Tourism Review News Desk - Aug 22, 2014
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Communist party strongman’s visit, involvement in “Happy Lhasa” propaganda event, “laughable” Tibetan language and low Tibetan employee targets undermine company’s Tibet-friendly PR

The controversial InterContinental Resort Lhasa Paradise in Tibet – the subject of an ongoing campaign by Tibet supporters worldwide – will open its doors for the first time this weekend to host an event forming part of a prestigious Chinese government propaganda jamboree (1). The hotel will also host a “celebration” on 25 August, featuring a “ceremony full of ethnic characteristics” (2). InterContinental Hotels Group (IHG)  anticipates that less than half of its employees in Lhasa could be “local Tibetan” (3).

According to the Lhasa government website,, the new hotel will host the “Shoton trade fair” between 24-28 August. The fair is part of the week-long government “Beautiful Home, Happy Lhasa” programme surrounding the annual Tibetan Buddhist Shoton festival (4). The Chinese government claims to protect religious activities but suppression of religious freedom in Tibet has been heavily criticised by no fewer than three independent international reports this year alone (5). Last year, the religious festival itself was subject to a huge military and security presence (6, pictures available).

The hotel’s participation in the propaganda events follows a recent visit to the hotel by senior city Chinese Communist Party official, Qizhala (7). Qizhala is heavily involved in China’s repressive security apparatus in the city. (photographs of Qizhala with security forces available, 8)

Chinese language media reports Qizhala’s support for “counter-terrorism riot control” and the “taut” maintenance of social stability (9) - Chinese government language for the repression of Tibetan protest. In 2013, he spoke about China’s “Grid Management System”, that uses Communist party officials at neighbourhood and street level to monitor signs of Tibetan opposition to Chinese rule. He stated that the grid system was aimed at “fighting against the 14th Dalai Lama and other overseas Tibetans, and hostile foreign forces” (10). Human Rights Watch has described the system as “Orwellian” and aimed at “surveillance and control . . . while the Tibetan people are still waiting for Chinese attention to rampant violations of their rights” (11).

In March – a traditional time of unrest in Tibet and the anniversary of the fatal shooting of more than 100 Tibetan protesters in Lhasa in 2008 – Qizhala was one of a select group of politicians reviewing troops at a military exercise on the streets of the capital (12, photos available).

IHG’s attempt to demonstrate sensitivity to the Tibetan community has also backfired significantly. Online publicity about careers in IHG issued the Tibetan language (the first time IHG has used Tibetan online) has been described by a Tibetan speaker as “the worst translation I’ve ever seen”. Within two paragraphs, the company uses three different spellings of its own name. The same material on IHG’s website is written in perfect Chinese (13).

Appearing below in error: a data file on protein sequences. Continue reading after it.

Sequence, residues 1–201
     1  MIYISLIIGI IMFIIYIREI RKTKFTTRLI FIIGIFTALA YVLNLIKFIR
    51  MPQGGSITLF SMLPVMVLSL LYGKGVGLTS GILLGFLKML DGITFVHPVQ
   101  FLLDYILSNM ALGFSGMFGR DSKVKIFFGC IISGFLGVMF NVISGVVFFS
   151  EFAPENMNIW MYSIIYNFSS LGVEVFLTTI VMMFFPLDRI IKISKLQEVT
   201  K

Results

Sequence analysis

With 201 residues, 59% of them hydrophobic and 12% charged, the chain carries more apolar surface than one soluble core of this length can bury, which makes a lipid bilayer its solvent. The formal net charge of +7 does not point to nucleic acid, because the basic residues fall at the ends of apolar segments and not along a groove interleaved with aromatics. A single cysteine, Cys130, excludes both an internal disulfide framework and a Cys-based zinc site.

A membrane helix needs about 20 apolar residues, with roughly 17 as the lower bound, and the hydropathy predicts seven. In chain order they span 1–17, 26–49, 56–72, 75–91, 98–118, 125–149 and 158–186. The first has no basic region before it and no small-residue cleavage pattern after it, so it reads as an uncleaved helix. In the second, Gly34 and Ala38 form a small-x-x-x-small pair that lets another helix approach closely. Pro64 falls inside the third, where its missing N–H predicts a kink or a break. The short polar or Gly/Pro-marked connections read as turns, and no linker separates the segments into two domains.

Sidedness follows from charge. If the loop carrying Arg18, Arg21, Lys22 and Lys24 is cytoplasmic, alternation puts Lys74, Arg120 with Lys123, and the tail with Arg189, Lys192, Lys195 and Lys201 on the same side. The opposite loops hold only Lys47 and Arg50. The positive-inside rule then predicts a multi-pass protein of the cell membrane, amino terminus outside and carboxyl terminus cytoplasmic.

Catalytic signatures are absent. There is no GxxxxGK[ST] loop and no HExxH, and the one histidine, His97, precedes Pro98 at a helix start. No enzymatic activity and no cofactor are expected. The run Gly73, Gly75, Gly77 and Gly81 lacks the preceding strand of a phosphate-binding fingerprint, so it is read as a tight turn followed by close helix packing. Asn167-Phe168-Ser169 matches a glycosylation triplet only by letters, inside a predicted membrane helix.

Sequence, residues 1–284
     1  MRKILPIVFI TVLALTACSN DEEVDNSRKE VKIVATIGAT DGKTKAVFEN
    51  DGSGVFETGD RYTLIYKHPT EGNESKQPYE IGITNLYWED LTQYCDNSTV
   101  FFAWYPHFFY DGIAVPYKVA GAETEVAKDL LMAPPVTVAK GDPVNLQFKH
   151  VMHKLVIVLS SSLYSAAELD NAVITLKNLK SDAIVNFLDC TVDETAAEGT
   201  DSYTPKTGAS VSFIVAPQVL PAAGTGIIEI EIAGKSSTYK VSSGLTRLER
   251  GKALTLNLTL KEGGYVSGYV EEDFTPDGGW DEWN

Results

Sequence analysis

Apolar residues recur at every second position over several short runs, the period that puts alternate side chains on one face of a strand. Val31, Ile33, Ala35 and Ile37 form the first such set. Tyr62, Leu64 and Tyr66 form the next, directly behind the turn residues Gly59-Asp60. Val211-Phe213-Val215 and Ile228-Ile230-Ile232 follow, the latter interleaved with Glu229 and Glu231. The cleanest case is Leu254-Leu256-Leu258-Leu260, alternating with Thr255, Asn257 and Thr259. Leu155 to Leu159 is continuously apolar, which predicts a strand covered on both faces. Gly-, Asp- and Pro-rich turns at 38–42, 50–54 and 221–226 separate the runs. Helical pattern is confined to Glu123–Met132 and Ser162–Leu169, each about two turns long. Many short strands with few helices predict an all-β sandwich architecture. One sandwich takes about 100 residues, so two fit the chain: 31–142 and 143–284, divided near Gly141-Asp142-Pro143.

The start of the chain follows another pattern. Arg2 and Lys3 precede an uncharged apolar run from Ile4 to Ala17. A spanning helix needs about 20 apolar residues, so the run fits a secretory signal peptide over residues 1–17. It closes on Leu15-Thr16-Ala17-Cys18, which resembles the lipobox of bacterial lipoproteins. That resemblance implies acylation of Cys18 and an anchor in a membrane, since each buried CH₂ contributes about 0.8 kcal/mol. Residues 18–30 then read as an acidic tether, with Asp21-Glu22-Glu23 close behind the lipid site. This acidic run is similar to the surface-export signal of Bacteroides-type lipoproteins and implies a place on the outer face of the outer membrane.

The hotel is not expected to open for paying guests until next month.

Free Tibet’s director Eleanor Byrne-Rosengren said:

“IHG has kept the hotel opening very quiet and has nothing about the event on its English-language website. That’s not as strange as it sounds, given that what the company is doing makes clear that its loyalty lies with China’s government in Tibet, not the local people whose human rights are abused by it. Anyone with any knowledge of Tibet knows that the ‘Happy Lhasa’ festival is an exercise in propaganda, designed to mask the intense and brutal suppression of religious freedom. Anyone with any knowledge of the Tibetan language knows that IHG’s attempts to communicate in it are laughable and tokenistic.

“IHG has blundered on with this hotel hoping that some superficial and badly-advised Tibetan set-dressing will disguise the fact the project exists to serve the Chinese government’s agenda. A multinational hotel company has no excuse for its ignorance of the local conditions in which it operates and no excuse for cosying up to the government responsible for the ongoing human rights crisis in Tibet. We’re left to conclude that the ‘Lhasa Paradise’ is designed to curry favour with a Chinese government whose cooperation and indulgence is central to IHG’s strategic vision of expansion in China.”

IHG’s Chinese partner in the hotel, Deng Hong of Exhibition & Travel Group, is currently jailed as part of a major corruption investigation in China. Mr Deng faces charges relating to the illegal purchase of land (14).



For more information or comment, contact Free Tibet media and campaign manager Alistair Currie

T: +44 (0)207 324 4605

M: +44 (0)780 165 4011

E: Alistair@freetibet.org

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